is a trader or crafter who has completed an apprenticeship
Origin of the title "journeyman"
The word 'journeyman' comes from the French word journée
, meaning the period of one day; this refers to their right to charge a fee for each day's work. They would normally be employed by a master craftsman
, but would live apart and might have a family of their own. A journeyman could not employ others. In contrast, an apprentice would be bound to a master, usually for a fixed term of seven years, and lived with the master as a member of the household, receiving most or all of their compensation in terms of room and board
In parts of Europe, as in later medieval Germany, spending time as a journeyman (Geselle), moving from one town to another to gain experience of different workshops, was an important part of the training of an aspirant master. Carpenters in Germany have retained the tradition of traveling journeymen until today, although only a small minority still practice it. In later medieval England, however, most journeymen remained as employees throughout their careers, lacking the financial resources to set up their own workshops. In France, they were known as Compagnons.
The terms jack and knave are sometimes used as informal words for journeyman. Hence 'jack of all trades, master of none' — someone who is educated in several fields of trade, but is not yet skilled enough in any to set up their own workshop as a master.
Apprenticeships usually last from three to four years. In the U.S. apprenticeships in metalworking include Tool & Die Maker
, Model-Maker, Sheet-Metal, Foundry and Gear-cutting. Other related fields include Electrician
, and Drafting. The peak years for American apprenticeships were 1930-1981, during which time companies found it useful to employ the maximum-allowed apprentices, one for every six or eight journeymen (depending upon the State). In the early 1980s recession
, most companies cut their apprenticeship programs and did not restore them when conditions improved.
Currently, the concept of apprenticeship varies by country. Apprenticeships can be found online through labor unions
, job search engines, government job websites, or through technical schools
with an apprenticeship work- study program. Also, technical schools and high school that have career education classes can place a student in an apprenticeship. Traditionally, an apprentice will work under the guidance of a person who has earned the title of "master" in their field, and under the guidance of other journeymen. This apprenticeship is a combination of working and learning. Apprenticeship lasts usually three to five years, ending upon exams (written and hands on) and other requirements (classroom hours plus hours in the field) by the certifying agency having been met. Institutions providing exams and approval also vary widely by location, given by governments, unions, or educational institutions. Once the apprenticeship is completed, the individual is granted Journeyman status, and issued documents (diplomas, certificates of achievement, licenses from state or local jurisdictions) that certify him as a journeyman.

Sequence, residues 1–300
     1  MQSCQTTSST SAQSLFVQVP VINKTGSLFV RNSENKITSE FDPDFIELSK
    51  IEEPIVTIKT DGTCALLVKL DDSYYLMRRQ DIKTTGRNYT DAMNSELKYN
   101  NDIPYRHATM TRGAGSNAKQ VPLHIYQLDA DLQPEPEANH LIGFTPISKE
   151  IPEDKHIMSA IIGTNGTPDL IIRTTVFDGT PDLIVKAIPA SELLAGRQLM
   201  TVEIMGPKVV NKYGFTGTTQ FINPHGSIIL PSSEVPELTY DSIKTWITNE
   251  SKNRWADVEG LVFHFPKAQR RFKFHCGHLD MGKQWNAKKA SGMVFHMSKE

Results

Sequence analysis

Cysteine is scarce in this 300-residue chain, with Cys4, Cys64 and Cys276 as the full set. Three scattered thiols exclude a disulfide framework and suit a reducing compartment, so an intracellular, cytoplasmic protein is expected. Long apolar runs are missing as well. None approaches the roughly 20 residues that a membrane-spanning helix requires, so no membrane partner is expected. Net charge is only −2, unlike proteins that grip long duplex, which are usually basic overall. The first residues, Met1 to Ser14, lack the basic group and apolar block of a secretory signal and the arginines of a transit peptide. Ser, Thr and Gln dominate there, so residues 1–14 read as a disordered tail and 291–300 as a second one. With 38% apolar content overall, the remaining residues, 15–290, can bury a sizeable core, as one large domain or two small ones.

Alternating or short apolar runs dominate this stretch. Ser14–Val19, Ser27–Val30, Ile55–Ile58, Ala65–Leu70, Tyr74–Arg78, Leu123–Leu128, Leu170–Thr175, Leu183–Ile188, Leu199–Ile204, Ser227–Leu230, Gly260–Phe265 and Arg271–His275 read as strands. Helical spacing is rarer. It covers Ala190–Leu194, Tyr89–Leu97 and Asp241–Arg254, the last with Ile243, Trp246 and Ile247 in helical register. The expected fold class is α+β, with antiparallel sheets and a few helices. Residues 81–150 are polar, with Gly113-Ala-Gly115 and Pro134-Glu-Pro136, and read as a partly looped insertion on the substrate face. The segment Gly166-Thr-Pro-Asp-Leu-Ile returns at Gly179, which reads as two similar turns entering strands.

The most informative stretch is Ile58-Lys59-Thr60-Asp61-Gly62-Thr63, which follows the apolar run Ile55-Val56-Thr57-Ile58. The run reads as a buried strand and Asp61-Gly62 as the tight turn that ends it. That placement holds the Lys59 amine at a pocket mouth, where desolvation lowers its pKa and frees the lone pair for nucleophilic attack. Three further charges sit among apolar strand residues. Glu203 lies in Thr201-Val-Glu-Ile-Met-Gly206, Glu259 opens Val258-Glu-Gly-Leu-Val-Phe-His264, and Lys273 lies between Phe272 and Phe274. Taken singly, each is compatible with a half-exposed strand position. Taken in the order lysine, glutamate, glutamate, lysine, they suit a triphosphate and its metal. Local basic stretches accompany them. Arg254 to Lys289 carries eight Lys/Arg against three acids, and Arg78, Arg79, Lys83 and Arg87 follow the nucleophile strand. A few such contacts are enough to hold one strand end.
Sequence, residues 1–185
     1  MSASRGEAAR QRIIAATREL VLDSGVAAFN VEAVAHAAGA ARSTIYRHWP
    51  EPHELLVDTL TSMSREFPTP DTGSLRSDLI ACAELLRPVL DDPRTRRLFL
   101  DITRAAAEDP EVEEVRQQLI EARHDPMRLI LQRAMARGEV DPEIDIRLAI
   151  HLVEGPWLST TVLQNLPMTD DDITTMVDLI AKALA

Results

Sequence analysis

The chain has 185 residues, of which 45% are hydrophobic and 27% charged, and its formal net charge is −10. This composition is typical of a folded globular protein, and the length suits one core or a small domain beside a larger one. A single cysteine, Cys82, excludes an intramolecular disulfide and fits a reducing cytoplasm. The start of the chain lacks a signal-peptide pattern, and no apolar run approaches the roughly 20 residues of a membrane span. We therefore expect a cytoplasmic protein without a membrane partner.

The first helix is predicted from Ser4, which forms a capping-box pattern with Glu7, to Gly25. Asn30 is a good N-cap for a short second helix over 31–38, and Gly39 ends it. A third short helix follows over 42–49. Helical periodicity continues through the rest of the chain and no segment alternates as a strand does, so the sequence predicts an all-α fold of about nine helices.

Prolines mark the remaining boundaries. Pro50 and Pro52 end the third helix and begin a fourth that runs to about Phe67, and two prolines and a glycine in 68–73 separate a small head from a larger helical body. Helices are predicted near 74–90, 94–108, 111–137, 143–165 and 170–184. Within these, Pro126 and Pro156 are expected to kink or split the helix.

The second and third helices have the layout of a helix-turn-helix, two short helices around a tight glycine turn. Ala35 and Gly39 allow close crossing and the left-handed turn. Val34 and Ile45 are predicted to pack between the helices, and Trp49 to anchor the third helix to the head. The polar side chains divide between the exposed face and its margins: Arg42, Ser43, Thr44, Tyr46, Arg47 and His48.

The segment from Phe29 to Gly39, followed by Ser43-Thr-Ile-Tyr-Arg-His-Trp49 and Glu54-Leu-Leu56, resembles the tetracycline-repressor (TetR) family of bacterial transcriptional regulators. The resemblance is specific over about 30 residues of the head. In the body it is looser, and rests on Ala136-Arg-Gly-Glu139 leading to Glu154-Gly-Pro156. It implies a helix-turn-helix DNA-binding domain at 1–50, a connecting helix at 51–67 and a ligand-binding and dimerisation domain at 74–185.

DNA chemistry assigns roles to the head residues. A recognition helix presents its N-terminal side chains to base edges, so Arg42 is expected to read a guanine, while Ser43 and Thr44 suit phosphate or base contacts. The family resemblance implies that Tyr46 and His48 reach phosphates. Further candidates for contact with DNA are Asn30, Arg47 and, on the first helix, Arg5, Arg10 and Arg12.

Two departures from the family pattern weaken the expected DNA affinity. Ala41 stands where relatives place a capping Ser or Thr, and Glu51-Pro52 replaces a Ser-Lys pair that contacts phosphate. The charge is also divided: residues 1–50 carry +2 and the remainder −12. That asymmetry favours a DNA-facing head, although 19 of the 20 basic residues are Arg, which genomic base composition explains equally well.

A woman or man who has completed the traditional live-in apprenticeship could consider her/himself a journeyman, as could a woman or man who is educated in their field and passed a board certified test. In the United States, the requirements for a journeyman's license are set by each state.
In the United States, employment as an electrician usually requires that a person holds a state license as a master or journeyman. However, other professions where journeymen status is applicable such as contracting or plumbing, an equivalent amount of work and scholarly experience are just as desirable to an employer.
A program for career missionaries
Professional sportsmen are sometimes called journeymen. It is not a technical or well-defined designation, instead it is generally given to players who are skilled enough to remain in pro sports but not skilled enough to earn themselves a permanent position on a team. It is also used to describe players who have long, though undistinguished, careers on one team. These serviceable players never rise to stardom, thus 'journeyman' instead of 'master' throughout their career. Players given this moniker tend to be adept at a particular aspect of their sport, but do not possess well-rounded talent comparable to their more-successful peers. They are traded between or signed by several different teams over their career, sometimes even over the course of a single season, based on the teams' need for a player with a specific talent.
Examples of journeymen include: Kenny Lofton (11 MLB teams), Kurt Warner (3 NFL teams + NFL Europe and Arena League), Gus Frerotte (7 NFL teams), Mike Sillinger (12 NHL teams), Tony Massenburg (12 NBA teams), and Trevor Benjamin (16 English Soccer teams),
United States Air Force
In the United States Air Force, "Journeyman" denotes the five skill level.
Skill levels are as follows: 1-Student, 3-Apprentice, 5-Journeyman, 7-Crafter, and 9-Superintendent.
Additional External Links
Websites with additional information on Journeyman Electricians in the construction field.